"He was a hardworking student. You know, he was very eager to learn, he participates in class all the time, he's got an infectious attitude," said Carrie James, Ryan's humanities teacher. "He was probably the student that was impacted the most, and yet he has the strongest will to be here every day."
P.S. 13 lent Ryan and his classmates books and supplies and turned its auditorium stage into a classroom. They eat in shifts in the cafeteria. There are counselors to deal with trauma and a curriculum for creating stability after Sandy.
Ryan's school won't be reopen this year. His parents have no idea when, or if, their house will be livable, either.
At the end of each day, Ryan rides a bus to their battered home in Broad Channel. The streets where he used to play ball with his buddies are lined with construction debris. His father is tearing apart what remains of the house, hoping to stem the encroaching mold, waiting on the insurance company or Federal Emergency Management Agency to provide money for a professional contractor.
All the children are helping. Even Carly, the youngest, watches a stray cat and hands tools to her brothers. It's a race against time and a desperate attempt to rebuild their little piece of the world.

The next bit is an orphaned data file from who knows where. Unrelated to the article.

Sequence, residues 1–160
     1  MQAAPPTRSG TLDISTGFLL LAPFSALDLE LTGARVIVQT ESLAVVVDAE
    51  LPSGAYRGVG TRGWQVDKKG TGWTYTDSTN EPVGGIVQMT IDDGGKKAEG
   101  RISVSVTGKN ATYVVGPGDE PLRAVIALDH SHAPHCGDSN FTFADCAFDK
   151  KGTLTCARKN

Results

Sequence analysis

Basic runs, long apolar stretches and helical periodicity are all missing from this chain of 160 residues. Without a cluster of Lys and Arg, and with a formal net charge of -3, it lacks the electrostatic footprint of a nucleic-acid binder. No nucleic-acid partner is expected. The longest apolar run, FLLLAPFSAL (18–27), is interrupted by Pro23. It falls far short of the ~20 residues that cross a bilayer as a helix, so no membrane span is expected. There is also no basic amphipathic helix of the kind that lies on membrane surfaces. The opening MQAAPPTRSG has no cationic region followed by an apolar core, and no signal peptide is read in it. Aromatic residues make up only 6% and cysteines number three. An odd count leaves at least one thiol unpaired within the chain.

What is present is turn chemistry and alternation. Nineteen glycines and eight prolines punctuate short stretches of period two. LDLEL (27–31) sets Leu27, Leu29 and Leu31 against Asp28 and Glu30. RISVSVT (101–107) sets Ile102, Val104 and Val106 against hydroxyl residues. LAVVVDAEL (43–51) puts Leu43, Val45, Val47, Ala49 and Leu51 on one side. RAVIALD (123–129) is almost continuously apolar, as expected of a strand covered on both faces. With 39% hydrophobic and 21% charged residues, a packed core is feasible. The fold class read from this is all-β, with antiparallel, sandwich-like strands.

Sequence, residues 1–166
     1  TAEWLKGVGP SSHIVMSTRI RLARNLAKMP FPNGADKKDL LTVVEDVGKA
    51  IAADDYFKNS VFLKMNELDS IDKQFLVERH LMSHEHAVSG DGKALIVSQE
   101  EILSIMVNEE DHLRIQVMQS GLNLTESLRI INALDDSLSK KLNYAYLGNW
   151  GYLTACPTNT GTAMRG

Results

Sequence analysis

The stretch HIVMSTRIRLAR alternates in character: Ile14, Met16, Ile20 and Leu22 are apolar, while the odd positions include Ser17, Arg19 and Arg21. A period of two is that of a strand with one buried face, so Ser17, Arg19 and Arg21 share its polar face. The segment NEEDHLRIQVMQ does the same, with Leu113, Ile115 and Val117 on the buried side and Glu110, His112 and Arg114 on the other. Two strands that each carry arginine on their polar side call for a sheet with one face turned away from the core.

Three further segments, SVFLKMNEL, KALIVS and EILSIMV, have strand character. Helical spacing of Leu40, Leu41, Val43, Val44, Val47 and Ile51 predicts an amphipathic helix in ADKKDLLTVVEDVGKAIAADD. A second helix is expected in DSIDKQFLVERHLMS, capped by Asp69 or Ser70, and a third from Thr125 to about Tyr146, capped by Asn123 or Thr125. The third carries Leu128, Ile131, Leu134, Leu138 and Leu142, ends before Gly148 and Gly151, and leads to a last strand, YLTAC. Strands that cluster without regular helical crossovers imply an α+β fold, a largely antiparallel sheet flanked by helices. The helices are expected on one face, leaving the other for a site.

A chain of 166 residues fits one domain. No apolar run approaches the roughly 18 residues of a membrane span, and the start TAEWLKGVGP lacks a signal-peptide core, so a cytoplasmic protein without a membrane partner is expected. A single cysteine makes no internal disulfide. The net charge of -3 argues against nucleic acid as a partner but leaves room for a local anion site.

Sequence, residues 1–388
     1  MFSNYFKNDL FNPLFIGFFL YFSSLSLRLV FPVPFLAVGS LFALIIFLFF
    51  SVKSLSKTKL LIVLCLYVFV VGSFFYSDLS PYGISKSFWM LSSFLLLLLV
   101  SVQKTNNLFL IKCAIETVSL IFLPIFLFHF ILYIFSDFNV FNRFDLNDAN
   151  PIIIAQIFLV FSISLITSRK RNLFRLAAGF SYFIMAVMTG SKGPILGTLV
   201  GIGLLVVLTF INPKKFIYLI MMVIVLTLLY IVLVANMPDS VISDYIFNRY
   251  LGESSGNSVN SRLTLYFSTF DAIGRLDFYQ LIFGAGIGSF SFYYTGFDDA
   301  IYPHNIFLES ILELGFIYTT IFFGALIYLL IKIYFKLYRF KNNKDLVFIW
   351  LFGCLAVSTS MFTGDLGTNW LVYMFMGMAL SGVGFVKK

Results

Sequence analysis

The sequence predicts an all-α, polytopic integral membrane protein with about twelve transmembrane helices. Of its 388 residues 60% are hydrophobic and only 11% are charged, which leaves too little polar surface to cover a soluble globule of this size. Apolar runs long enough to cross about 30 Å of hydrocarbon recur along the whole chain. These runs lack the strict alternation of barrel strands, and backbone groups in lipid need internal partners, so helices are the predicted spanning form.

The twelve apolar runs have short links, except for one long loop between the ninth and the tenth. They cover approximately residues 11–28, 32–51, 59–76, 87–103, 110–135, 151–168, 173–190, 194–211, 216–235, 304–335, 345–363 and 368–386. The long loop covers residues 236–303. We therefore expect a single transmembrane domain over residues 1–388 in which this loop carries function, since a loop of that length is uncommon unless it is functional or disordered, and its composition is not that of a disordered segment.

By the time Ryan starts tearing into musty drywall, he has already been up and at it for 10 hours. He has a few more to go before homework and heading back to a temporary apartment an hour away.
"I always think, like, it's tough what me and my family went through," he said. "We were still in the house and just thinking about that storm and as it's going on, the water rising quick -- it's going to leave a permanent mark."
Still, he's optimistic that life will look something like it did before, like all the days and nights before the storm swallowed everything.
"I'm learning that no matter what happens," he said, "not everything can slow you down and make you give up on everything."
Visit scholarsnyc.com/rebuild to donate to Scholars' Academy.
Poppy Harlow contributed to this report.